Position: Commissioner, Major League Baseball
Highlight: Breaking the stadium debate gridlock, risking his local popularity in the process
Major League Baseball Commissioner Bud Selig’s stock has risen and fallen over the years with Twins fans. It reached a low point in late 2001 when he announced that Major League Baseball was looking to eliminate two teams. Word quickly spread that Carl Pohlad—whose efforts to get a new stadium built had long been stymied—had volunteered the Twins to be one of them.
In a lawsuit that followed the next year, the Metropolitan Sports Facilities Commission, which owns the Metrodome, won a Hennepin County Court ruling forcing the Twins to honor their lease to play in the Dome for the 2003 season, effectively blocking Selig’s contraction plans. At that point, the commissioner’s name was mud with the fans and many legislators, who accused him of blackmailing the state. But his actions were also credited with putting urgency into the gridlocked stadium debate.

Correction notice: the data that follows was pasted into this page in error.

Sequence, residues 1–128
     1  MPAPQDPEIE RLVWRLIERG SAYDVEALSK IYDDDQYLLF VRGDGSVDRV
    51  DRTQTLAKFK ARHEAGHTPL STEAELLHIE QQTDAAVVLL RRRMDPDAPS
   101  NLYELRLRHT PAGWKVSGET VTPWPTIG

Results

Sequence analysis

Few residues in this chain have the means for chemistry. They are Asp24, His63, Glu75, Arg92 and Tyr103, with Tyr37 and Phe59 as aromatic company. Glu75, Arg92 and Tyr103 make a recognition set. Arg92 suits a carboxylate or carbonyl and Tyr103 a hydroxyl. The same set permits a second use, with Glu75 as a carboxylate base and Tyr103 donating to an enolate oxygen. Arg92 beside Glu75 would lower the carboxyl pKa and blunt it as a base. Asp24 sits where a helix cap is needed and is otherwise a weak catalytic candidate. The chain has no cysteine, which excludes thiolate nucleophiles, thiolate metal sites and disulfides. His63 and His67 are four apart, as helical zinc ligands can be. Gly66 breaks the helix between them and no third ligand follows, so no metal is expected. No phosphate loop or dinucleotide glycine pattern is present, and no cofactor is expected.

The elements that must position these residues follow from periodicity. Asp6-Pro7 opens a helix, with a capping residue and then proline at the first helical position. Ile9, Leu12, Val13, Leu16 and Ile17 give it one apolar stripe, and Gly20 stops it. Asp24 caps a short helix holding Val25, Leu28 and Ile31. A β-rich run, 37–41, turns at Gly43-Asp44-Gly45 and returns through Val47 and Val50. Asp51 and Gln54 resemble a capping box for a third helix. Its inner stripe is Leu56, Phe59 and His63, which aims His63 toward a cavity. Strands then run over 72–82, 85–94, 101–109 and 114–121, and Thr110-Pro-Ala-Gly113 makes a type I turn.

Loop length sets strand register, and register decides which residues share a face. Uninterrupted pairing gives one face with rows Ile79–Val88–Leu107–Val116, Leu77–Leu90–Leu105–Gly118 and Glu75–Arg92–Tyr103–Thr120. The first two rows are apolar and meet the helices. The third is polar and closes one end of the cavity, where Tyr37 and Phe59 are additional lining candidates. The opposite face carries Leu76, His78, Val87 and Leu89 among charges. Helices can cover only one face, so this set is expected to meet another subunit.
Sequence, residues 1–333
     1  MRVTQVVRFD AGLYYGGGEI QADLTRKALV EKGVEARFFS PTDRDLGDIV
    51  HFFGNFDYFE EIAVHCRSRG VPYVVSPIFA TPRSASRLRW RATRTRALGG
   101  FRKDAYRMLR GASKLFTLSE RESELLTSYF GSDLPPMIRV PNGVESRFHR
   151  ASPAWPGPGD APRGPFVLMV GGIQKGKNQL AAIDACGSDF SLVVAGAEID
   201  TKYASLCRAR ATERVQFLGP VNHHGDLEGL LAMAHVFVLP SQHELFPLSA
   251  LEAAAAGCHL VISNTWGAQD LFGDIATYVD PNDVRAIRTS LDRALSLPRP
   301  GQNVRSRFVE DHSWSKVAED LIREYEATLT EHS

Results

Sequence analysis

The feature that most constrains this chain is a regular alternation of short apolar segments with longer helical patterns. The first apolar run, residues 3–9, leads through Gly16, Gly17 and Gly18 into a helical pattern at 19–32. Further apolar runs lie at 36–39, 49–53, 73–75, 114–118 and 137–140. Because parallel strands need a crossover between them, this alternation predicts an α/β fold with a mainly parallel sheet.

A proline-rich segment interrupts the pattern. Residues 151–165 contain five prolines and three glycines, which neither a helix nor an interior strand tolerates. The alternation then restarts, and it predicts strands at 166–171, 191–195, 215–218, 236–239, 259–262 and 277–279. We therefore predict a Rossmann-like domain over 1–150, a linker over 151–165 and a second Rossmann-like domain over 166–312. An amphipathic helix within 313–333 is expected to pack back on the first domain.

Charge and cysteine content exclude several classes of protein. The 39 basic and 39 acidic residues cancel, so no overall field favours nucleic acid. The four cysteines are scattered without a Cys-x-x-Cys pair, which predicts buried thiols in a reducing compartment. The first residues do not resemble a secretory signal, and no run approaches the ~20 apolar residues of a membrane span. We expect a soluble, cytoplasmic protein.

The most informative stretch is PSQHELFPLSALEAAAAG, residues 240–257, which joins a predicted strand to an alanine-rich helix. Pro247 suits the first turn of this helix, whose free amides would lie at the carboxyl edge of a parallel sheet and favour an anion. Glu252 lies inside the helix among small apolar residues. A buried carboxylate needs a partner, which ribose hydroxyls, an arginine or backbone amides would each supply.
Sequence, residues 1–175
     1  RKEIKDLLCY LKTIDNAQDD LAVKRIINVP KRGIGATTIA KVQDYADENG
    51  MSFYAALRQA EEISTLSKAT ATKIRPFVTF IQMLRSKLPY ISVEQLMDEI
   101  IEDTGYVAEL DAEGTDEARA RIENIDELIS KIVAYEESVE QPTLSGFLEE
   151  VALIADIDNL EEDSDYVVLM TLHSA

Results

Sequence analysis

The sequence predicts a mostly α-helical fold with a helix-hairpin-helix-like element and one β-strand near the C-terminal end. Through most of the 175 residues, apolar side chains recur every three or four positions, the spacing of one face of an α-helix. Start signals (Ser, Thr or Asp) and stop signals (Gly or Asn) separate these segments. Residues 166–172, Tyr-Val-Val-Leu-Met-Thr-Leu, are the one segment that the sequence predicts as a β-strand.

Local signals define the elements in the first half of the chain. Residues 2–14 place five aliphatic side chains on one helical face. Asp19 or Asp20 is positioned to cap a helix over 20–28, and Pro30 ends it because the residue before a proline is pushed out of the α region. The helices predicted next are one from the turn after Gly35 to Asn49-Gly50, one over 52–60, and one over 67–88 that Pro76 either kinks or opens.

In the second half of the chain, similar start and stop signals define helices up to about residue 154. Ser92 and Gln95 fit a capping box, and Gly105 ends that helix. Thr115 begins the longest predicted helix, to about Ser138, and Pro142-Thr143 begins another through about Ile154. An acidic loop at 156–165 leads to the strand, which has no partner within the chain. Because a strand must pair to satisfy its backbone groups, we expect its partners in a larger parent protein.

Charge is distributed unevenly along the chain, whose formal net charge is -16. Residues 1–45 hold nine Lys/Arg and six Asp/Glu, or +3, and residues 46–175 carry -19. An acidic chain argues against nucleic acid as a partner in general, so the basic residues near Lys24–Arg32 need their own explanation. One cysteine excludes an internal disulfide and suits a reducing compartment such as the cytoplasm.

Before and after the contraction episode, Selig’s overriding concern was to make sure that every Major League Baseball team has a viable venue. In that respect, the commissioner was Target Field’s earliest and most consistent backer, says Twins co-owner Jim Pohlad.
“[Selig] was an undying supporter of the effort,” Pohlad says. “Even in the darkest days, as Major League Baseball might have viewed them, when it seemed like it wasn’t going to happen, the commissioner never gave up.
“He came to the Twin Cities a number of times and really become part of the process to make Target Field happen,” Pohlad adds. “Some of those visits came at horrible times, when there was a lot of fighting going on and the team wasn’t doing well.”
At Target Field’s August 30, 2007, groundbreaking, which Selig attended with Carl Pohlad, Selig confirmed that the Twins’ future had depended on obtaining the new ballpark, saying, “They couldn’t survive [in the Metrodome]. I know people don’t like to hear that, but it isn’t hard to figure out.”